When we got on the plane, it was very somber because you know if we’re going to Vietnam for God’s sake we might be returning as a casualty or wounded. We stopped in Anchorage; we weren’t allowed off the plane we’re just there for refueling. We then stopped somewhere in Japan, Osaka I think, there we were allowed off the plane to a certain secure area of the airport and that’s where I bought my first 35-millimeter camera. It was a Asahi Pentax Spotmatic camera. All of the images here from Vietnam were shot with that camera. I still have the camera, I think it cost me maybe thirty or forty dollars. So I also purchased a bunch of 35-millimeter slide film and we got back on the plane. I don’t remember but there may have been a stopover point somewhere, but when we landed in Da Nang it was a hot afternoon and when they opened that open that door, just like in the Good Morning Vietnam movie, the heat, and humidity and the stench the stench was overwhelming. It just so happens we find out later it’s just it was just rice paddies, but it to us we had never smelled that before and it was our first memory of coming to Vietnam.
Now we are here in the war and it dawned on us we’re in Vietnam for God’s sake you know they’re shooting, people are shooting and it’s not pretend. The time in Da Nang was short lived, we visited China beach for some refreshments but then we realized Da Nang isn’t the safest place in the world but it’s certainly a lot safer than where we were going to be going. You could get cheeseburgers at China Beach and you know all sorts of things. Da Nang had rocket attacks and there were firefights on the mountains, but pretty much for us in transit, we felt that we were really okay.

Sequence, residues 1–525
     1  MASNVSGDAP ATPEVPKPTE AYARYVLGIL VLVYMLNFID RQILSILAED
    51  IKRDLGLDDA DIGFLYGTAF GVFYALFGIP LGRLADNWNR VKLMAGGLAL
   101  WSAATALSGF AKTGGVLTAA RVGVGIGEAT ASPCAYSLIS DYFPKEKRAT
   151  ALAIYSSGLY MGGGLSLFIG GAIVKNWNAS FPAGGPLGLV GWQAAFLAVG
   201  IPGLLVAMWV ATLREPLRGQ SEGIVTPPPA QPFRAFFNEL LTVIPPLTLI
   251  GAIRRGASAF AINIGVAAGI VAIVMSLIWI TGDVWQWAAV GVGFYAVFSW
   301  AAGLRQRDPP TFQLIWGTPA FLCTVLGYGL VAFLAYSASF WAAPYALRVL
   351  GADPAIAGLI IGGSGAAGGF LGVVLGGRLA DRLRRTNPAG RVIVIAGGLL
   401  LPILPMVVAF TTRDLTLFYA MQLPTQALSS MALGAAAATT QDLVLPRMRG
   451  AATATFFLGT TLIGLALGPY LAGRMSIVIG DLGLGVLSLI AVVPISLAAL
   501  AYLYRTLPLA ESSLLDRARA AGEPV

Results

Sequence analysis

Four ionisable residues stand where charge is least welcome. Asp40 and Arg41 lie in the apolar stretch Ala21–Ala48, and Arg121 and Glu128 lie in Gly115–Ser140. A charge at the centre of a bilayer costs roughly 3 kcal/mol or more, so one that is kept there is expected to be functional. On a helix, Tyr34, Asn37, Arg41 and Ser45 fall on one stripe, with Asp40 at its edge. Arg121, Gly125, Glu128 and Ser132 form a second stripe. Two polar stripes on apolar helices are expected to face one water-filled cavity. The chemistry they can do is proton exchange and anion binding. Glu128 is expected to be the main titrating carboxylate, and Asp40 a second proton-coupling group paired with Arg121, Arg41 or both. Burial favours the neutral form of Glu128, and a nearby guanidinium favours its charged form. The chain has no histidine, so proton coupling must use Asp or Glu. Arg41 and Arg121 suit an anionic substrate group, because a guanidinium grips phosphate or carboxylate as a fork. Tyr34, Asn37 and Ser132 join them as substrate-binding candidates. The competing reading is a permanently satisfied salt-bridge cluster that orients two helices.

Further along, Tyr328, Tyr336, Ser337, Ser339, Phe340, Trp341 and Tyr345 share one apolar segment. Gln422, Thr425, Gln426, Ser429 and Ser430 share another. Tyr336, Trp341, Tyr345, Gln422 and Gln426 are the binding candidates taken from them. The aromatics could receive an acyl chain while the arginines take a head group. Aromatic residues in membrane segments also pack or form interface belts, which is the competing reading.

We kind of lived it up for two days until we got on a C-130 and they said okay, you’re going up to DongHa. Of course we didn’t know where that was, we looked at a map and we go “holy crap” this is like as far north as you can go in south Vietnam before you get into a north Vietnam. So we figured this is not going to be a good place and evidently it was not a good place for the Seabees because they eventually would move their base south to Quang Tri, because DongHa was in very easy reach of rockets from north Vietnam.
So we were flying into DongHa and the pilot told us the plane is not going to stop, it’s going to land but it’s going to keep rolling and the rear gate is going to open up. You are to roll out and roll into the bunkers on the side of the runway because the airport is under attack and we’re thinking “ so why are we landing can’t we just go back to Danang?